Get to Know NO—

When you hear “nitric oxide,” you might think of nitrous oxide, better known as laughing gas. While you might appreciate nitrous oxide gas at the dentist’s office, nitric oxide is quite different. Taking care to maintain plenty of nitric oxide in our bodies is no laughing matter, and you need to know why.

Doctors Robert Furchgott, Louis Ignarro and Ferid Murad won the 1998 Nobel Prize for medicine after discovering the importance of “nitric oxide as a signalling molecule in the cardiovascular system. In the two decades since, nitric oxide has been studied extensively and is even considered by some to be the most important molecule in the body due to its role in transmitting nerve impulses from cell to cell in every tissue in the body.

Heart Disease on the Rise Around the World

According to the World Heart Federation, deaths due to cardiovascular disease have risen 60% across the globe over the last 30 years. The World Health Organization estimates that 1.28 billion adults over age 30 have hypertension, or high blood pressure, with only 21% having it under control.

Statistically speaking, half of all men in the United States, and nearly half of women, have hypertension. What’s more, almost half of the adults in the U.S. with high blood pressure aren’t aware they have the condition and, therefore, aren’t likely to do anything to improve their cardiovascular health.

While such numbers may not come as news to you, you might be surprised to learn that heart disease often has less to do with the heart itself than with the arteries and blood vessels throughout your circulatory system.

High blood pressure occurs when the force of blood pushing against the walls of your arteries is consistently too high. Vasodilation, or relaxation, of the arteries can become compromised due to damage caused by years of uncontrolled elevated blood pressure, high lipids and glucose in the blood, and calcified plaque buildup in the arterial lining. Instead of the heart having smooth, flexible arteries to pump blood through, the heart has to work extra hard to force blood through narrow, stiff arteries, which can lead to serious cardiovascular conditions as we age.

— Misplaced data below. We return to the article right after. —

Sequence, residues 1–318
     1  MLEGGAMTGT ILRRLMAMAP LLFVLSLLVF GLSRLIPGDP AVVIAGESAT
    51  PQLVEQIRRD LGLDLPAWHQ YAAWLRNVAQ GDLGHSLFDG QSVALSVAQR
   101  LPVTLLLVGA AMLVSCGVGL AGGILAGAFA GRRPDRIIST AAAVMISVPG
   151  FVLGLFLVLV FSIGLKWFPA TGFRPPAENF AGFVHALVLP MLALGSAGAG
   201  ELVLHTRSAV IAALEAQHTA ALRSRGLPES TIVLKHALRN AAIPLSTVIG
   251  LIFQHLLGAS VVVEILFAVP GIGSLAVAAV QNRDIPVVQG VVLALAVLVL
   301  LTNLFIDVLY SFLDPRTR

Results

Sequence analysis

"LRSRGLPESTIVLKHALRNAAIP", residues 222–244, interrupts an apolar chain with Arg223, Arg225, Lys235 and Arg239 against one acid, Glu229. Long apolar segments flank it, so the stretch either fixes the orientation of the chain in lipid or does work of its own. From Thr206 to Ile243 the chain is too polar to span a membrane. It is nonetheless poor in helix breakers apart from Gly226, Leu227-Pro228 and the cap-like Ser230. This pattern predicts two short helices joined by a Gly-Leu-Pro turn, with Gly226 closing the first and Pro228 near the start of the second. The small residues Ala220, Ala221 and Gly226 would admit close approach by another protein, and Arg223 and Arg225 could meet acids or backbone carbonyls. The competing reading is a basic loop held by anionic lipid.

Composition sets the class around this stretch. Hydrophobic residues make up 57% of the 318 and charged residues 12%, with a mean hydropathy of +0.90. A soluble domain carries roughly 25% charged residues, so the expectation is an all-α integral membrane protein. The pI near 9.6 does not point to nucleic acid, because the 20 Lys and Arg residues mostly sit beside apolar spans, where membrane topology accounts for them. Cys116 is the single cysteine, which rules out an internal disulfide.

What Does Nitric Oxide Do in the Body?

The best known function of nitric oxide in the body is its ability to help manage high blood pressure, but healthy levels of nitric oxide generate a wealth of benefits for a number of body systems.

  • Cardiovascular – In healthy arteries, nitric oxide signals the vasodilation response of arteries. Vasodilation improves blood flow, increases oxygen in the blood, and modulates blood pressure.
  • Pulmonary – Similar to its function in the cardiovascular system, nitric oxide signals bronchodilator nerves to dilate, increasing the lungs’ ability to deliver oxygen throughout the body.
  • Immune – Nitric oxide blocks virus replication, giving the immune system a better chance of fighting off symptoms associated with viruses, harmful pathogens and other foreign invaders.
  • Cognitive – Studies have shown that a nitrate-rich diet may increase regional cerebral blood flow to the frontal lobe of the brain in older patients, an important factor in protecting against cognitive decline.
  • Endocrine – This molecule has been shown to improve insulin sensitivity, which may reduce diabetes complications, and it is known to help improve other hormone functions in the body, as well.

How Do You Get Nitric Oxide?

The good news is that our bodies produce nitric oxide as naturally as we breathe, literally! Deep breathing in through your nose not only produces nitric oxide in the paranasal sinuses, it effectively delivers it down into your lungs. Aside from your sinuses, nitric oxide is produced in the endothelial cells that line the insides of your blood vessels—all 60,000 miles of them.

The bad news is that our bodies produce less and less nitric oxide as we age, which can leave us with a lack of energy, high blood pressure and cognitive decline. By age 40, most Americans produce only half the nitric oxide they produced in their 20s. By age 50, nitric oxide production has decreased to only 35%, and it falls to a mere 15% of what it once was by the time we reach age 60.

With such a dramatic decrease in our bodies’ own ability to produce this crucial molecule, it is essential that we find other ways to get nitric oxide. Sadly, nitric oxide itself isn’t something you can consume; however, we can consume food rich in nitrates, which the body converts into nitric oxide, as well as antioxidants, which aid in the conversion process.

The amino acids L-arginine and L-citrulline also produce nitric oxide in the body. L-arginine can be found in red meat, fish and dairy products, while L-citrulline is also available in meat, as well as legumes. Beets are also a wonderful source of nitrates.

A Scientific Solution for Low NO

If red meat and dairy aren’t feasible for your diet for any reason, supplementing with a product like TriVita’s Nitric Oxide Plus may be an excellent way to make sure your body can make enough nitric oxide.

With 2,000 mg of beet root powder, plus horse chestnut and the amino acids L-arginine and L-citrulline, TriVita’s unique nitric oxide formulation is optimally balanced to help support blood flow and healthy circulation.


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